Children with autism spectrum disorder (ASD) have high rates of cooccurring conditions and are hospitalized longer and more frequently than children without ASD. Little is known about use of involuntary physical or pharmacologic restraint in hospitalized children with ASD. This study compares use of restraint because of violent or self-injurious behavior during inpatient pediatric hospitalization in children with ASD compared with typical peers.


This retrospective cohort study examines electronic health records of all children aged 5 to 21 years admitted to a pediatric medical unit at a large urban hospital between October 2016 and October 2021. Billing diagnoses from inpatient encounters identified ASD and cooccurring diagnoses. Clinical orders identified physical and pharmacologic restraint. Propensity score matching ensured equivalency between ASD and matched non-ASD groups on demographic factors. Logistic regression determined the odds of restraint in children with ASD compared with children without ASD, controlling for hospitalization factors and cooccurring diagnoses.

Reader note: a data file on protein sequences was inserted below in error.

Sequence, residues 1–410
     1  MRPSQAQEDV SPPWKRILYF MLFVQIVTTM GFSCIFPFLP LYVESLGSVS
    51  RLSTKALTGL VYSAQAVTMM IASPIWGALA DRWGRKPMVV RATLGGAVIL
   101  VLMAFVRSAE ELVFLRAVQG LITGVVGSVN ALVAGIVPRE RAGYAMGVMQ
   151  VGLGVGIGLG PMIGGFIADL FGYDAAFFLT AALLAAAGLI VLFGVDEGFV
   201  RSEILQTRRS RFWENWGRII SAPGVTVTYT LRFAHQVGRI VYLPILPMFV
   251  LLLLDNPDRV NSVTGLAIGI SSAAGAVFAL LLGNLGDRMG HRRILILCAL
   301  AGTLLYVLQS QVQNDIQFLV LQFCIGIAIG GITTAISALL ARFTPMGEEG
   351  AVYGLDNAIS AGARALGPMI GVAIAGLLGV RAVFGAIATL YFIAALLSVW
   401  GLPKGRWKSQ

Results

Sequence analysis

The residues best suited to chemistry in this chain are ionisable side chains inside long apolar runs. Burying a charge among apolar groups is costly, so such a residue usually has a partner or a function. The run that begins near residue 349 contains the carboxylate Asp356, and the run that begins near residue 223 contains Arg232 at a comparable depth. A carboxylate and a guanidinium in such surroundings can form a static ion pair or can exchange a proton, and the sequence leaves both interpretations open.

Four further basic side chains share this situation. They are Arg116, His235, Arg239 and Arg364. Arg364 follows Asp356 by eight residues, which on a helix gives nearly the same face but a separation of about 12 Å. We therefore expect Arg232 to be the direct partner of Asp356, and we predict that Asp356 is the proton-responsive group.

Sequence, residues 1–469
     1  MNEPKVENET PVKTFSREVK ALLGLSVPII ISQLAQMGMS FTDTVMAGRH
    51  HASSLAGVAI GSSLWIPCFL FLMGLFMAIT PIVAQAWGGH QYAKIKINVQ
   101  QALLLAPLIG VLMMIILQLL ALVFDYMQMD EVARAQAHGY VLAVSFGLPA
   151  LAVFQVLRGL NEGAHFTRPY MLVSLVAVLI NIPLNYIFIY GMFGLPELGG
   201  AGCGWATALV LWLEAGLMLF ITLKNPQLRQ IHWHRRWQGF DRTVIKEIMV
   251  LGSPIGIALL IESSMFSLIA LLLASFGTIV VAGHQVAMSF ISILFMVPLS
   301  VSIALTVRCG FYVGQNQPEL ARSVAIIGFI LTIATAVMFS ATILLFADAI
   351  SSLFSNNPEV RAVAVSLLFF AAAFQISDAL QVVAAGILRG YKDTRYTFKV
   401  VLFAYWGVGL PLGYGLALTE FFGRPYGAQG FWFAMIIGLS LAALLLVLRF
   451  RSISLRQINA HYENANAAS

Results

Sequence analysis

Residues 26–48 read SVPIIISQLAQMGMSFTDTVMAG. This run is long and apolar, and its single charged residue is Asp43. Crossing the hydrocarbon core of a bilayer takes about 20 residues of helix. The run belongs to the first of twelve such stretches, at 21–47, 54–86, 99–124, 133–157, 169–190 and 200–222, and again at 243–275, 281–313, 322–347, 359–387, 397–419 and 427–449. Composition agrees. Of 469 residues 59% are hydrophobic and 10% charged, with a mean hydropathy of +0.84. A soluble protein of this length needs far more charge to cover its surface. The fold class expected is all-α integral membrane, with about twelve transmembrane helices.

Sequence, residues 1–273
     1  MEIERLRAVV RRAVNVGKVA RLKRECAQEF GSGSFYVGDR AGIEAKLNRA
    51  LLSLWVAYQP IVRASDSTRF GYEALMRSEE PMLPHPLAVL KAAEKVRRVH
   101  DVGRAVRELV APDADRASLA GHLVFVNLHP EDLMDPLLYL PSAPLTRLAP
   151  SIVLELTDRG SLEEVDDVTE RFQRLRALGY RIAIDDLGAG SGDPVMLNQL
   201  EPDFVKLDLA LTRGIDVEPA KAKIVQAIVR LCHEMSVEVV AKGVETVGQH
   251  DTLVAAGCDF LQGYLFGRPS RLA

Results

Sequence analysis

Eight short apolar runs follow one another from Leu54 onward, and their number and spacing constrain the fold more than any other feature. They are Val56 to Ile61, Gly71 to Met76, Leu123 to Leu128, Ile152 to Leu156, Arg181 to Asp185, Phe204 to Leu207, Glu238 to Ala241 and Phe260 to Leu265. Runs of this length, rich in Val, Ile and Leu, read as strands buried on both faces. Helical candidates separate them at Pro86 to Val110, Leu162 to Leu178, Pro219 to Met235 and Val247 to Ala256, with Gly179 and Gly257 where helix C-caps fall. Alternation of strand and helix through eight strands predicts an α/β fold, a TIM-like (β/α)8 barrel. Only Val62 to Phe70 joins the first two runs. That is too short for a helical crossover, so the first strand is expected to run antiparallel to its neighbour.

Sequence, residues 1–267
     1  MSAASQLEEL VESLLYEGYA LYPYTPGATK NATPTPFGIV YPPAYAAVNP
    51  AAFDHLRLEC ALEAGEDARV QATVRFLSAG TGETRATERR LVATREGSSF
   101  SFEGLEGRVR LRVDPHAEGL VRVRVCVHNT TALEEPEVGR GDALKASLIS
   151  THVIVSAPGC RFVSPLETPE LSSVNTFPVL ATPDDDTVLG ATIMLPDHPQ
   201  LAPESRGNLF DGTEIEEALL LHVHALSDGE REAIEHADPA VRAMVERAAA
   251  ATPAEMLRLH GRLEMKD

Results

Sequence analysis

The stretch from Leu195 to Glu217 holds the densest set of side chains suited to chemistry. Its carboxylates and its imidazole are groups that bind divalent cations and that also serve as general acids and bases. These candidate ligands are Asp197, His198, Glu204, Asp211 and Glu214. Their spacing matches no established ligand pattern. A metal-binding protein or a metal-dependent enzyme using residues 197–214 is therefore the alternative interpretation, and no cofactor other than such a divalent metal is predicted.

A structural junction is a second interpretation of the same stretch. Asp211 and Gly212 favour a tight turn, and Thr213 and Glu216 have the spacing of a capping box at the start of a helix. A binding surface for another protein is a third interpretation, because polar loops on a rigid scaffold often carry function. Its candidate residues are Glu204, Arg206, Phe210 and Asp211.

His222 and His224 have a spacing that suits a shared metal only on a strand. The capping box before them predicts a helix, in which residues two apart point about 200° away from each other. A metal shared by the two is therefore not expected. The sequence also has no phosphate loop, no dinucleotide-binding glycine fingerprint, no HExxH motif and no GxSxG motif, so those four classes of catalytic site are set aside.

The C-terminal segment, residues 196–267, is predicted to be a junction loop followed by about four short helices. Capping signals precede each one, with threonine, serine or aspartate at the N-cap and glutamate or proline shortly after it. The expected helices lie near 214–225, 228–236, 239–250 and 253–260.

Of 21 275 hospitalized children, 367 (1.7%) experienced restraint and 1187 (5.6%) had ASD. After adjusting for reason for admission, length of stay, and cooccurring mental health, developmental, and behavioral disorders, children with ASD were significantly more likely to be restrained than children without ASD (odds ratio 2.3, 95% confidence interval 1.6–3.4; P < .001).


Hospitalized children with ASD have significantly higher odds of restraint for violent or self-injurious behavior compared with children without ASD after accounting for reason for admission, length of hospitalization and cooccurring diagnoses. Work is needed to modify the hospital environment for children with ASD to reduce behavioral dysregulation and restraint.

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